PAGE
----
Update On My Husband’s Cancer Treatment – COVID-19

By: Terresa Monroe-Hamilton

An update is in order. Things suddenly went off the rails here when COVID-19 came into play. Garry had been set for two surgeries… one for the hernia around his ostomy and the other being the major surgery to finish the removal of the colo-rectal tumor that is now apparently dead. When the virus popped up, all elective surgeries here in Reno came to an end, postponing Garry’s two procedures for the near future.

Garry is still in remission as far as we know and other than the intermittent exhaustion that puts him in bed, he’s doing well and is in good spirits. He’s still on chemo every two weeks. After visiting with the cancer doc today just before chemo, it was decided that another PET scan will be done in June. At that time, instead of just reducing the chemo itself as they did last time, they will most likely either stop chemo or reduce the frequency of it. Garry will also at that point be talking about his surgeries again with the surgeon. All in all, it’s good news although the surgeries are the scary part here.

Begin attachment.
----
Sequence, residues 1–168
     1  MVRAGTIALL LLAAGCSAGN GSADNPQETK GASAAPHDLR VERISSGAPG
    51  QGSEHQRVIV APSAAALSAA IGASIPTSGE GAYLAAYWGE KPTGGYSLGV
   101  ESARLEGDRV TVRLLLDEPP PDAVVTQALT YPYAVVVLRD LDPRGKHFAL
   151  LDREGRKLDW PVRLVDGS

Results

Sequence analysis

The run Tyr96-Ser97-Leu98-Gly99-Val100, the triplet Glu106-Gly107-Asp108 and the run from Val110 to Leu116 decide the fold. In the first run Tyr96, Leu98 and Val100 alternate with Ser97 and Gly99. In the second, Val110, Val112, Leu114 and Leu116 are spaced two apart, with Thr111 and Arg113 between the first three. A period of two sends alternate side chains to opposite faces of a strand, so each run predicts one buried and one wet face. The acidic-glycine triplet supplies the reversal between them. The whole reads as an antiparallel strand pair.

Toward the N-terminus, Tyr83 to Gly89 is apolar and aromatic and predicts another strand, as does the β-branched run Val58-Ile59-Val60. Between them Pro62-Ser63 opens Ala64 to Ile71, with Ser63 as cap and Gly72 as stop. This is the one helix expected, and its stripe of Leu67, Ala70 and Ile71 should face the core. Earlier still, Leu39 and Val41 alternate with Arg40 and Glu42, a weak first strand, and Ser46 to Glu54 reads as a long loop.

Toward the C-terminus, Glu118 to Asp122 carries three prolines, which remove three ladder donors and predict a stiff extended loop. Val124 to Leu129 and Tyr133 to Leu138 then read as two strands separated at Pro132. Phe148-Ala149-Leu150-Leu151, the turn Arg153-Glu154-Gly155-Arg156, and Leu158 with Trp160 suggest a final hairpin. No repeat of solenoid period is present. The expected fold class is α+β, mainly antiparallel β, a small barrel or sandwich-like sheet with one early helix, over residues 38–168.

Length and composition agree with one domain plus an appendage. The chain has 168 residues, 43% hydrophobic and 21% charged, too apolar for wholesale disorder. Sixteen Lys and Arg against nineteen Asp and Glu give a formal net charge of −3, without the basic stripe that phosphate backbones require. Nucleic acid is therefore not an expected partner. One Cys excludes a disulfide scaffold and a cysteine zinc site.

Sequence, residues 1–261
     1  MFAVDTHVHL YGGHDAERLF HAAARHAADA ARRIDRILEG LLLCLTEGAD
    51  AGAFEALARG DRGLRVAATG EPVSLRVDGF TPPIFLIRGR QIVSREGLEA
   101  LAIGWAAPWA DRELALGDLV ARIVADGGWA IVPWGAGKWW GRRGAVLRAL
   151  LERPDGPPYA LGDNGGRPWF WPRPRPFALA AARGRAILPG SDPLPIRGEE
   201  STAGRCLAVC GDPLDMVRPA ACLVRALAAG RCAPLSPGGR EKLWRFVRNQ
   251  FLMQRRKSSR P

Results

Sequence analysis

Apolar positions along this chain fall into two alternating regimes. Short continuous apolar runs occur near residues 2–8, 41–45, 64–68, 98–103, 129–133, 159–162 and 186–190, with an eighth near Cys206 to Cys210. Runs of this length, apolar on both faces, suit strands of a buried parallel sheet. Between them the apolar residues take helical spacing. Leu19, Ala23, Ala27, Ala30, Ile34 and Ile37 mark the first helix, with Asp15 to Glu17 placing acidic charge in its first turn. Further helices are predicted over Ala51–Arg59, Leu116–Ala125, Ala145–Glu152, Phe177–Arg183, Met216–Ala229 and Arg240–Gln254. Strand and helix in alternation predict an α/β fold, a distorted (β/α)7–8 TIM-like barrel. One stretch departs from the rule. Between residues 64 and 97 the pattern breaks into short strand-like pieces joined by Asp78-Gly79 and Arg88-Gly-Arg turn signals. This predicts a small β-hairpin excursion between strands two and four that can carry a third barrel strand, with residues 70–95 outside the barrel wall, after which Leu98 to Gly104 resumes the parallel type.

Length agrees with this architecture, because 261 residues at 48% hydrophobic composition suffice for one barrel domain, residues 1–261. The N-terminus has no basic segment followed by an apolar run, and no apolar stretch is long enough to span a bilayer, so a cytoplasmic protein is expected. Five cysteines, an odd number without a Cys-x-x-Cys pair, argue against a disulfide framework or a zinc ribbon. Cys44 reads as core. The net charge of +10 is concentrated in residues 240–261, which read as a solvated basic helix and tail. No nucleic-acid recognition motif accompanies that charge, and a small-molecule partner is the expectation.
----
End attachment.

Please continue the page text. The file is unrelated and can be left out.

If you want to help Garry out, you can give at GoFundMe. You can donate here. You can also donate on PayPal. My email there is [email protected] or you can use the PayPal link on the upper right side of NoisyRoom.net to get there. If you would like to donate some other way, email me at [email protected] and I’ll send you instructions.

We are still facing the debt issue. We just lost a fight with Aetna on one bill that made no sense at all. But in the end, we will get through this. It’s a fight we will win in the end… we may be very broke, but Garry will win his fight against cancer and that is what matters.

Thank you for your ongoing prayers, well wishes and financial support. Now, more than ever, you are helping us beat this monster and we thank and love all of you for it.